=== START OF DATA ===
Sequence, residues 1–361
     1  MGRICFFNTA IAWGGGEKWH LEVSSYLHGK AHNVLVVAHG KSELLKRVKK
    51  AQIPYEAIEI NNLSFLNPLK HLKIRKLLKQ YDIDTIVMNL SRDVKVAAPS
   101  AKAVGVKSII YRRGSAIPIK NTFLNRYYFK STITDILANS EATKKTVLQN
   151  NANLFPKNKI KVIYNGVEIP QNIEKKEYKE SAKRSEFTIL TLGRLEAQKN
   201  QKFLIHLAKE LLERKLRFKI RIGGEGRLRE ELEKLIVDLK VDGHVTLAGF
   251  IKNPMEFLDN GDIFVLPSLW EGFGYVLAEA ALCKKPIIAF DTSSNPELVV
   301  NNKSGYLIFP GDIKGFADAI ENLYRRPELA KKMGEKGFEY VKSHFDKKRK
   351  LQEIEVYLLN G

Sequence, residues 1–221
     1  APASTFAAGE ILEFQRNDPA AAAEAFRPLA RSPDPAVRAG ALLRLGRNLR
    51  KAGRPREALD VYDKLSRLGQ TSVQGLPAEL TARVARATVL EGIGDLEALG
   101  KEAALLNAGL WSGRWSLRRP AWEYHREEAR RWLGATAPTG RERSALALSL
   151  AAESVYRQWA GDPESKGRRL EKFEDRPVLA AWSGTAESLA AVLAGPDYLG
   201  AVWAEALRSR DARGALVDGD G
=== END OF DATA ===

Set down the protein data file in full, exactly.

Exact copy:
Sequence, residues 1–361
     1  MGRICFFNTA IAWGGGEKWH LEVSSYLHGK AHNVLVVAHG KSELLKRVKK
    51  AQIPYEAIEI NNLSFLNPLK HLKIRKLLKQ YDIDTIVMNL SRDVKVAAPS
   101  AKAVGVKSII YRRGSAIPIK NTFLNRYYFK STITDILANS EATKKTVLQN
   151  NANLFPKNKI KVIYNGVEIP QNIEKKEYKE SAKRSEFTIL TLGRLEAQKN
   201  QKFLIHLAKE LLERKLRFKI RIGGEGRLRE ELEKLIVDLK VDGHVTLAGF
   251  IKNPMEFLDN GDIFVLPSLW EGFGYVLAEA ALCKKPIIAF DTSSNPELVV
   301  NNKSGYLIFP GDIKGFADAI ENLYRRPELA KKMGEKGFEY VKSHFDKKRK
   351  LQEIEVYLLN G

Sequence, residues 1–221
     1  APASTFAAGE ILEFQRNDPA AAAEAFRPLA RSPDPAVRAG ALLRLGRNLR
    51  KAGRPREALD VYDKLSRLGQ TSVQGLPAEL TARVARATVL EGIGDLEALG
   101  KEAALLNAGL WSGRWSLRRP AWEYHREEAR RWLGATAPTG RERSALALSL
   151  AAESVYRQWA GDPESKGRRL EKFEDRPVLA AWSGTAESLA AVLAGPDYLG
   201  AVWAEALRSR DARGALVDGD G